Chip and PIN Tech on Your Credit Cards

Believe it or not, chip and PIN technology has been around since 1984, when French banks started testing chip-based credit cards to eventually replaced magnetic-stripe-based cards. But you may not have seen those little metallic chips show up on your credit cards until 2014 or later, and most retailers had until 2017 to install chip-reader terminals. So why the shift in technology? What’s changed? And why did it take the U.S. so long to adopt this technology when it has been used in Europe and other parts of the world since the ‘90s?

Let’s answer the last question first. The U.S. already had a well-built credit card system with strong anti-fraud measures in place when Europe, primarily, began introducing chip and PIN technology into their banking and retail systems. They had a more immediate need for the additional security that chip and PIN tech offers (explained later), so it was worth the upheaval and additional costs of changing systems.

Now that credit cards equipped with chip technology are here to stay in the U.S., here’s what you might want to know.

EMV tech

EMV refers to a security standard for how account information is stored on credit cards. The initialism stands for Europay, Mastercard, and Visa, the three credit companies who started the initiative to change how this personal information is stored and communicated when a credit card transaction takes place. Before EMV, account information—i.e. all the info a thief would need to commit credit card fraud—was stored in the magnetic (mag) stripe on the back of credit cards.

There are two different card verification modes (CVMs) when using a credit card with an EMV chip to verify that the real accountholder and not a fraudster is using the card: chip-and-signature and chip-and-PIN. However, a card can have both capabilities. In fact, all cards issued in the U.S. have a chip-and-signature CVM, with a few having both signature and PIN functionalities. Cards with both capabilities will prefer one over the other, making them either signature-priority or PIN priority. The card issuer will tell you which type your card is either online or in the paperwork mailed with your latest card.

Debit cards also have chip-and-PIN technology and continue to work like they always have.


Chip-and-signature cards will be familiar to Americans as they require a signature to verify transactions. In addition to a chip on the front of the card, there will also be a mag stripe along the back.


The PIN function of EMV tech requires a four-digit PIN to verify use, just like a debit card. Chip-and-PIN and PIN-priority cards are more compatible for use overseas and are more secure in the U.S. This makes sense: merchants abroad have been using the chip-and-PIN EMV system for years, and the PIN verification mode is more secure because it’s easy to forge a signature—and most cashiers don’t even check to see that the signature used matches the one on the card!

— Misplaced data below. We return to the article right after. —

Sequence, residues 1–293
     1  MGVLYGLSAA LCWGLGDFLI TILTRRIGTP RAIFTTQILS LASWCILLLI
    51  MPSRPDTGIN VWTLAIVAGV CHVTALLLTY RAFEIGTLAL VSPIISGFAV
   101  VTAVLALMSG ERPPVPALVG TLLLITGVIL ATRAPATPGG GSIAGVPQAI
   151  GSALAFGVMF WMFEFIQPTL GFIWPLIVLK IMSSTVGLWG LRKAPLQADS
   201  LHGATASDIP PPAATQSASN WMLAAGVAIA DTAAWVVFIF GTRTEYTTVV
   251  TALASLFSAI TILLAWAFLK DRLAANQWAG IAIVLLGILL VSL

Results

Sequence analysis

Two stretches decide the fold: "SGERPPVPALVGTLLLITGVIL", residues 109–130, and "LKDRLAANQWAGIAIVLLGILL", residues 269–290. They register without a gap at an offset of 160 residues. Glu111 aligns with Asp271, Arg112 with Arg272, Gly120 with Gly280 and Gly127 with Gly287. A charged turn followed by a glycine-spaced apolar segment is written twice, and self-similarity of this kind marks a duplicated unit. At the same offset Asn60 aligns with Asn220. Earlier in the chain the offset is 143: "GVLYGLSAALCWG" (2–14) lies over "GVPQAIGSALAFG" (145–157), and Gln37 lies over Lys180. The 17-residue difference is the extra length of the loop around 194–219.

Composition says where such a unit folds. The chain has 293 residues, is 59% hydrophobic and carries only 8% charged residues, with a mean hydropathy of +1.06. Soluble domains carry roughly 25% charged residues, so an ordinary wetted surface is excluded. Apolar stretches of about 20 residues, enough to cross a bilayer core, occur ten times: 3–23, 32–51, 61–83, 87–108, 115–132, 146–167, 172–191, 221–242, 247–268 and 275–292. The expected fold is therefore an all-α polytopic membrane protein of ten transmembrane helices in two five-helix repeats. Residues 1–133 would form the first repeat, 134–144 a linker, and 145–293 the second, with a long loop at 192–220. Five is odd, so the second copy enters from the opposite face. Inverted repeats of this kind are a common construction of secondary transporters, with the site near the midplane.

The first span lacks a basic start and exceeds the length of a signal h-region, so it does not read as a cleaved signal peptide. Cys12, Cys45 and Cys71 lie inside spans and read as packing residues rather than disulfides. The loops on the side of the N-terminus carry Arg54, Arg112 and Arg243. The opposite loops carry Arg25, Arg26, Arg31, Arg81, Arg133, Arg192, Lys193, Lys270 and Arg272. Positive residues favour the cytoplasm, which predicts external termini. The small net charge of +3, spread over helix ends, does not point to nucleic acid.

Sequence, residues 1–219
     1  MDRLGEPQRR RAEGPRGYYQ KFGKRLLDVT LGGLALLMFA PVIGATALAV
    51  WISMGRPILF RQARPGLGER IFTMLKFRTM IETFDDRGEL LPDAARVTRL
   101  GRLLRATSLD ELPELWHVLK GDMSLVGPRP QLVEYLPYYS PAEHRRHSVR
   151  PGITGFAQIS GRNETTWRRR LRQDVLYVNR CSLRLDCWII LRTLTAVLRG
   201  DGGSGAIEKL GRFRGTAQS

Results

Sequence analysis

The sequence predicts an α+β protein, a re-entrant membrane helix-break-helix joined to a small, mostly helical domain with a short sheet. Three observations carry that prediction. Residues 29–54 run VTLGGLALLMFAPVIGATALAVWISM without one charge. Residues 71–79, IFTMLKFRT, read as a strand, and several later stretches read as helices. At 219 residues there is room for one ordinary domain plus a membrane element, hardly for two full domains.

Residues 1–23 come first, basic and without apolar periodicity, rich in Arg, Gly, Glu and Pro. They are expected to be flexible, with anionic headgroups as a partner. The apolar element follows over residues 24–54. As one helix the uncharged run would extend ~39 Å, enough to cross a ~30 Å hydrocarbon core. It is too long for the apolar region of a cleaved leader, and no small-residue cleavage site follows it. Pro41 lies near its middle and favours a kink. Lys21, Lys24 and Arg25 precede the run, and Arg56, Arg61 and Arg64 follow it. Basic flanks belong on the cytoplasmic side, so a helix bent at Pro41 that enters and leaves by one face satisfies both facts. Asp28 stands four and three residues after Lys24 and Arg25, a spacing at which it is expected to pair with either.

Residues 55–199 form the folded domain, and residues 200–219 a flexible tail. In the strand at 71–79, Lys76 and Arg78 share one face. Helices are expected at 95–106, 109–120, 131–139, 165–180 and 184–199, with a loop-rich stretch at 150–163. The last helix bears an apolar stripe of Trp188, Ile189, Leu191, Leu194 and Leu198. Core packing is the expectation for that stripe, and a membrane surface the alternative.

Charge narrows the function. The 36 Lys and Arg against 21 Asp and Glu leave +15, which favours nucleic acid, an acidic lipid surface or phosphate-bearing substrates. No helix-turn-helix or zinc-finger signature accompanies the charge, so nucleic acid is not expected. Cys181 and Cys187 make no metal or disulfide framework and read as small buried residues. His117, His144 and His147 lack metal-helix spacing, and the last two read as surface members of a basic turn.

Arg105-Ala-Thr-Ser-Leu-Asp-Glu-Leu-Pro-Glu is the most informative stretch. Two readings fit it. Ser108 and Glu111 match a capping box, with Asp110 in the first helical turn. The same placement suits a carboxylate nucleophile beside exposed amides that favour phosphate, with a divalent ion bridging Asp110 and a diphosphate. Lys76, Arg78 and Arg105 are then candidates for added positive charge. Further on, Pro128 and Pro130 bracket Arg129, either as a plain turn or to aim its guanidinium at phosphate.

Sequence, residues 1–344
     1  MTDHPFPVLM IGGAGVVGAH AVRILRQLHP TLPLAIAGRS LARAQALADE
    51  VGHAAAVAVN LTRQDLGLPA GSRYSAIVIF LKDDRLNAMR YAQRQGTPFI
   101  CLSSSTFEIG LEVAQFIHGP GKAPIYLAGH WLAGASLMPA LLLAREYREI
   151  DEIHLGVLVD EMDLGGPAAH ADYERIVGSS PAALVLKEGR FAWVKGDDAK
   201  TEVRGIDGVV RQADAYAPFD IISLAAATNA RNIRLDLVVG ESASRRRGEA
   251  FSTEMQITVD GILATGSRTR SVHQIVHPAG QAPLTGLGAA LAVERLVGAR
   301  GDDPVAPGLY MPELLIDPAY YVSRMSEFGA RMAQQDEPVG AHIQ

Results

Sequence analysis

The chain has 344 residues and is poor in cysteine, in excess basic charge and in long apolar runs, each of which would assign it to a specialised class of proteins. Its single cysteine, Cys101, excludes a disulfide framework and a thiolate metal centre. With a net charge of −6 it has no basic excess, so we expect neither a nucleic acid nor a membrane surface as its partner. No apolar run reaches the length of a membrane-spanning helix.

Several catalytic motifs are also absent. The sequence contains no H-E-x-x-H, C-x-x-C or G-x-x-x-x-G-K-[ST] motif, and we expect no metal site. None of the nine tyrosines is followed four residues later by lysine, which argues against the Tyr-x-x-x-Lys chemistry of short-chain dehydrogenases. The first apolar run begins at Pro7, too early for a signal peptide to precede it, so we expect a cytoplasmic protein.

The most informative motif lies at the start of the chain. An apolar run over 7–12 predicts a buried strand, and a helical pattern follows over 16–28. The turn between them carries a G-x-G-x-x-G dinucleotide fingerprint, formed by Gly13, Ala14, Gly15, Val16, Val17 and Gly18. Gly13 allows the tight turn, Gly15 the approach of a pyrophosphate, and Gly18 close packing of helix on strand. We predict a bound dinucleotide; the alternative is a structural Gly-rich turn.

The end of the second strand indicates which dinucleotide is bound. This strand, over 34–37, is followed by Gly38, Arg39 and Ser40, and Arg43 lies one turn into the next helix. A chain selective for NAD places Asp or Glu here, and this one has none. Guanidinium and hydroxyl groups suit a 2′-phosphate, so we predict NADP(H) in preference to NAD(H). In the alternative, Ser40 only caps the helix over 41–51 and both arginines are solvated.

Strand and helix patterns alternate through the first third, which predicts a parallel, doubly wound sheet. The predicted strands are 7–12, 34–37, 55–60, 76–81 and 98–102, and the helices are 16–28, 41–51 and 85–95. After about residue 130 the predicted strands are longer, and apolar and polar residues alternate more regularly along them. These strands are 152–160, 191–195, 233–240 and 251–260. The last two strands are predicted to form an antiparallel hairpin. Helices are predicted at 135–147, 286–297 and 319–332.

A card issuer will assign a PIN after you’re approved for a card, or you’ll be asked to create one. You can change or check your PIN by contacting the card company, either online or by calling.


The security advantages of EMV chip cards are twofold: account security for card-present transactions and prevention of card duplication. This increased security should cut down on credit card fraud, which is better for businesses and consumers.

Here’s how the unique cryptogram that’s created for each transaction with a chip card makes for enhanced user and account security.

When you buy something in person with a credit card (called a “card-present transaction”), the sales terminal needs a way to verify that you’re the true card owner. In the past, you’d slide your card through a reader and the terminal would gather all of your account information from the magnetic strip it just read. The problem with this is that it’s easy for this info to be “skimmed,” or stolen, with a special credit card reader attachment used by thieves.

With a chip, the credit card and terminal communicate to create a unique, one-time-only encrypted code called a token or cryptogram. The token is a number made from information in the chip combined with information in the terminal, but using instructions contained only in the chip. Because this token is dynamic—meaning its used only once for a transaction and then changes—it’s useless if stolen. A thief could not copy it, put it on a fake card, and convince other terminals it’s your card.

Once a merchant’s system has this token, it needs to be decoded to verify it really came from your card’s chip. The token can either be sent to the card issuer over the internet in an online verification, or it can be verified within the terminal in an offline verification. Once the token is verified, the system will know if you have available credit for the purchase and the transaction can proceed. This whole process takes only seconds. If your card has a PIN, you’ll use this to authorize the purchase; if it uses your signature, you’ll sign the terminal’s electronic screen.

Despite these security measures, EMV chip cards can still be vulnerable to fraud. If a card still has a mag stripe, it can be read with a skimmer and copies can be made. So, if you have a card that offers the choice between using the chip, along with a PIN or signature, or swiping the stripe, always opt for using the chip.

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